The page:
Gang Mentality

At some time or another, most of us will come into contact with some type of ‘gang mentality’. This may well take on a number of guises, ranging from the school-yard bully types, through to a various management structures. I’m not claiming that all these are of a negative or threatening demeanour, however, there is a common denominator between them all – they are all examples of ‘strength in numbers’. For the purpose of this writing, I will attempt to illustrate the psychology and the appropriate structuring concerning a ‘gang mentality’, particularly with regards to a violence.

From a confrontational perspective, a gang operates with an unfair advantage. This being the fact that, due to the size and/or the reputation of its members, most targets (victims) will be extremely intimidated, perceiving the situation to be of a serious nature, even to the point of considering it to be life-threatening. The group of antagonists will capitalise upon this, with each member, particularly those in the lower elements of its structure, exploiting the group’s strengths to the full. This in-turn promotes an even greater feeling of dread and fear within the target, which will be sensed and further capitalised upon by the gang. A clear case of being caught up in a vicious circle.

When confronted by a gang of any description (in some cases this may just be a member of a known group), the target is immediately intimidated by the ‘collective reputation’ of the group. An individual will perceive that they are facing the entire group as opposed to merely the single member. Now, I’m not trying to say that a person does not have to consider the threat of a gang as a serious issue. What I am trying to do, is to deliver some clarity as to how a gang operates and where it draws it strength from. With an understanding of their mentality and operating practice, you are afforded valuable information, enabling prompt action in the face (or possibility) of such a situation.

The Gang Structure

The main component of any gang is a ‘leader’. This is a person who displays dominant characteristics. On their own they are not particularly competent at exerting their will over others. They will also often lack certain social skills, this can become a contributory factor in respect of their general behaviour and attitude. This person will seek to influence and control others around them. This often comes in the form of intimidation, being either physical and/or mental. They will usually be of an insecure nature, projecting their inadequacies onto other gang members and victims alike. This individual feeds on the suffering of those in his/her control, usually using any appropriate target as a means of displacing personal frustrations, using violence, or the threat of its employment, as a way of obtaining a satisfactory result. Within the realms of the gang, a leader possesses good manipulative skills, allowing them to motivate and control other people as well as gang members. A gang leader is not necessarily the person with the greatest physical presence (best fighter), but they do possess leadership qualities.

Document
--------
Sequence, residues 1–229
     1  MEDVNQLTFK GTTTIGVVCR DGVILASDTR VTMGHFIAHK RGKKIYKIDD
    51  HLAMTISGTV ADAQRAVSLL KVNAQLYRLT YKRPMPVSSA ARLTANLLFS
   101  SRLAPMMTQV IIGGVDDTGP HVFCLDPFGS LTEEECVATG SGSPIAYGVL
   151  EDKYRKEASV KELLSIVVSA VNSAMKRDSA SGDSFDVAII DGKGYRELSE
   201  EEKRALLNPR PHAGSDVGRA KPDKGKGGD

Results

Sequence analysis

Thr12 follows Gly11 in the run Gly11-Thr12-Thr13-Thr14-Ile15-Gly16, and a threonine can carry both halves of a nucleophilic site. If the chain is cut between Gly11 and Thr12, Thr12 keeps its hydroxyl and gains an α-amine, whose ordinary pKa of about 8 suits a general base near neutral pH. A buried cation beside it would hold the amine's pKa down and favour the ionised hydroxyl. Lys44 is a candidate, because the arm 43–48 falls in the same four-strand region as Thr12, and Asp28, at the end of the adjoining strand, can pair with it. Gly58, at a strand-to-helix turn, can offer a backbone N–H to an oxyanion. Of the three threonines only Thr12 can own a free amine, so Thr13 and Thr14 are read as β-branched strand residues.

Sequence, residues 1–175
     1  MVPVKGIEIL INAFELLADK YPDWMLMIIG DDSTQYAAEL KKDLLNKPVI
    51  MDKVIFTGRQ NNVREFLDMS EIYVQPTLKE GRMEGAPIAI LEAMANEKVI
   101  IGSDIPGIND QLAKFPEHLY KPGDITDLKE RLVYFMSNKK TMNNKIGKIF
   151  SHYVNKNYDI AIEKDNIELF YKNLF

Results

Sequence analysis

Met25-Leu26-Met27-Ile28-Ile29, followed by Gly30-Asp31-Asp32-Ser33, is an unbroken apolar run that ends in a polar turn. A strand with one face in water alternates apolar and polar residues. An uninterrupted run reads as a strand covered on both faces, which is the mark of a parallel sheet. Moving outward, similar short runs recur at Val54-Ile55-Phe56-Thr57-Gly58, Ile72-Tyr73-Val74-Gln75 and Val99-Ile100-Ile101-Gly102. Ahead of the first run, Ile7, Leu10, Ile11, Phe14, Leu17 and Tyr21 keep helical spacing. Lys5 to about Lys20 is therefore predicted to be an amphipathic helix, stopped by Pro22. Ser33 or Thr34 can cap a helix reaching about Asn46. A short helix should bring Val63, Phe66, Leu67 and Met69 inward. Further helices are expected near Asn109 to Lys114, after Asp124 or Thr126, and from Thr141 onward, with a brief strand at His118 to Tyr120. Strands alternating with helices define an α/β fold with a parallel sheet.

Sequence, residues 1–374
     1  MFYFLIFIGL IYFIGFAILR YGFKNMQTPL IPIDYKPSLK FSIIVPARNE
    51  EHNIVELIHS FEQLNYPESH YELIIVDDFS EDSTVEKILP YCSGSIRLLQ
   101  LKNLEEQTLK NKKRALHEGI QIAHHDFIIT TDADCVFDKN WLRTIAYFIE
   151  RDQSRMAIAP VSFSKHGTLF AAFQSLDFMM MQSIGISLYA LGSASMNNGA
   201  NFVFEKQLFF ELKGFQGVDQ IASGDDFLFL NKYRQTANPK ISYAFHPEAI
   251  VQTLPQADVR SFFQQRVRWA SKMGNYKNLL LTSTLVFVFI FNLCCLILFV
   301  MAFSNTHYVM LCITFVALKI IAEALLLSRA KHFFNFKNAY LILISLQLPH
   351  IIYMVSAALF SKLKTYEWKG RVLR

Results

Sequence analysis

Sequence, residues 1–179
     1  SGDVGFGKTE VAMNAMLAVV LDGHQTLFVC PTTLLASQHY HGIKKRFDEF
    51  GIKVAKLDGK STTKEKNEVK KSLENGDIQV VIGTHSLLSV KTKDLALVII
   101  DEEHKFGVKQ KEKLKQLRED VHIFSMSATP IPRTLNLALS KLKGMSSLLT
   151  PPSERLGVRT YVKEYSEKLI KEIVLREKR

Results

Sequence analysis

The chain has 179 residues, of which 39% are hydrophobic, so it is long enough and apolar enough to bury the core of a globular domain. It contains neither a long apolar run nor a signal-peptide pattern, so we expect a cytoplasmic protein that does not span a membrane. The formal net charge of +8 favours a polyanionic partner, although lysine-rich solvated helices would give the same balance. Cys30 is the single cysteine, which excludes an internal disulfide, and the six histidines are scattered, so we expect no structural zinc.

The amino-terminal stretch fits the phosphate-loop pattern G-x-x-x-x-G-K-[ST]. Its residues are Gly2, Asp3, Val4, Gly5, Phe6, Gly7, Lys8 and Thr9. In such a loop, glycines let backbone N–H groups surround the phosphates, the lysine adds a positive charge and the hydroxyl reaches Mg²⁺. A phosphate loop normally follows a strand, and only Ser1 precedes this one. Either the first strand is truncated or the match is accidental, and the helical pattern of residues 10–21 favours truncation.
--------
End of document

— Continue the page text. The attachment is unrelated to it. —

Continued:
The next member of the structure is the ‘activist’, an individual who is a believing follower. This person’s characteristics will show parallel qualities to that of the leader, in particular, their anti-social attitude. The distinguishable differences are that they do not possess the same level of motivation. They are opportunists, drawn to the leader because they wish to be like them. They consider that their inclusion in a gang will give them some form of acceptance, accompanied by a level of notoriety. The only thing stopping them forming their own organisation is that they lack the self-confidence or the mental competence needed achieve a suitable level of success. Because of their willingness to try and win the attention and praise of not just the lead figure, but also other gang members, they will constantly be looking to prove themselves. They, too, are not necessarily the most skilled fighter, but, due to their desire to be accepted, they will often go to amazing extremes to gain favour from their peers, readily prepared to surpass even their own expectations. Because of their disposition, they will often be used to ‘do the dirty work’. Most gangs will have a number of these ‘activists’. It is essential for the group’s survival that some of its members compete for dominance and favour. The more ‘competitive’ these individuals are, the greater the gang’s reputation can be enhanced. It is common for certain activist figures to run their own smaller ‘gang’, operating particular areas or independently to the main group, although when necessary, they will join the main body whenever required.